Dear Nadhim Zahawi,
Before I state the purpose of my letter, I would like to congratulate you on your new appointment as Secretary of State for Education. I believe, if even just going by your excellent and efficient Covid vaccine programme as vaccine deployment minister, you will be a reliable education secretary and this fuss-free style will serve you well in this department.
I am writing this letter to you to urge you to consider the addition of the impacts of the British Empire to the education curriculum. Just as you recently promised that climate change would be at the centre of education at COP26, alongside this should position imperialism and not only its effects on other countries, but about what it did to Britain as well as a key part of education.
Through the duration of my English Literature bachelor’s degree, and more specifically the
Postcolonial module I am studying currently, I am finding myself becoming increasingly embarrassed by my lack of prior knowledge of major events in British history abroad. For example, two weeks ago a girl in my class presented work on the partition of India, due to her Pakistani family heritage, however every word she spoke was entirely and wrongly new to me. Again, due to my recent research project focusing on Jordanian British author Fadia Faqir’s Pillars of Salt, I discovered Britain’s major involvement in the arbitrary creation of Middle Eastern borders and the impacts of the Sykes-Picot Agreement of 1916. Whether you believe Britain’s bloody colonial history is good or bad, a case of the railways versus the Bengal famine, it is important to learn for an inclusive understanding of the present. Individuals are doing the best we can to help educate ourselves on our colonial history, but we need the support of your government.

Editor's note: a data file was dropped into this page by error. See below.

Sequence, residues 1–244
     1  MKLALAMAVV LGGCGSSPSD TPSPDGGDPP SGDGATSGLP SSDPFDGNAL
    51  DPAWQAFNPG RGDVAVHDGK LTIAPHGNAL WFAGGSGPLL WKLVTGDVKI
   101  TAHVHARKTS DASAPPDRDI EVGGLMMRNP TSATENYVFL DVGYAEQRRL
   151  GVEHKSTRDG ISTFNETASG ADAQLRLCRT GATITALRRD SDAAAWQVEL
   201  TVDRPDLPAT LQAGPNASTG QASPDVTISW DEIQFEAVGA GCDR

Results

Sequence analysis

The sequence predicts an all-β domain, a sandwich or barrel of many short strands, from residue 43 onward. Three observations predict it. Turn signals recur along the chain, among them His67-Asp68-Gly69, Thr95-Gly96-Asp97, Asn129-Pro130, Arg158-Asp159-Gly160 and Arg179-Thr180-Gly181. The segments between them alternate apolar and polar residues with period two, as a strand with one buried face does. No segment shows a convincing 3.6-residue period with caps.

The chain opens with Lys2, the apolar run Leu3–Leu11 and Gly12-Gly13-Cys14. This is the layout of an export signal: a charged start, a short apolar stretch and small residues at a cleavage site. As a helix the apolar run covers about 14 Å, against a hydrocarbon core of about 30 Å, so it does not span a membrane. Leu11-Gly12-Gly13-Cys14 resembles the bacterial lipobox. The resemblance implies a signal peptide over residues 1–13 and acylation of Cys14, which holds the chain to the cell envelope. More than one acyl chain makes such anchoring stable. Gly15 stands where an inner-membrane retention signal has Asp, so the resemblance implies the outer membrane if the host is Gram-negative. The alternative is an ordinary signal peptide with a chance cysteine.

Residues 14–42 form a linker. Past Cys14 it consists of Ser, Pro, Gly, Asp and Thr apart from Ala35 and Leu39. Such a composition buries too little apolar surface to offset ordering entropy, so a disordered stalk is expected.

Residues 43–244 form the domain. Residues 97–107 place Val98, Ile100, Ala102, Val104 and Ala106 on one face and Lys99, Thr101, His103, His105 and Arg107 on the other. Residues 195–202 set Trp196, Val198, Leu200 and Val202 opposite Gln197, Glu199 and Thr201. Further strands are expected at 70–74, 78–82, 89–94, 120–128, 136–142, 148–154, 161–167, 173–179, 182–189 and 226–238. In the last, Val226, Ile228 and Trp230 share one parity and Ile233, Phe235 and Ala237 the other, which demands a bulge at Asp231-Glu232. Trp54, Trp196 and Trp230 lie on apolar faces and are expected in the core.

Currently the national curriculum says young people are supposed to learn about “how Britain has influenced, and been influenced by the wider world”, but it would in fact seem that this takes a back seat, contained in one-month of learning, or in the form of optional modules instead of part of the “core curriculum”. I would like to see it play an intrinsic role in our education, providing children with a core knowledge of the history of the Empire, which has and still is shaping communities in Britain and abroad. This will, in turn, provide more answers to the general public as to why we have Black History Month and many more activism occurrences. Whilst I remember briefly covering British colonialism in Africa, this was rushed and did not focus on the effects for the people of Africa and what this might mean for current politics.
Thank you for beginning the change on the curriculum by promising to bring climate change to the forefront of education. What actions can you take to meet the growing need for children to learn important aspects of our British history in our ever-expanding globalised world?
I look forward to hearing your response.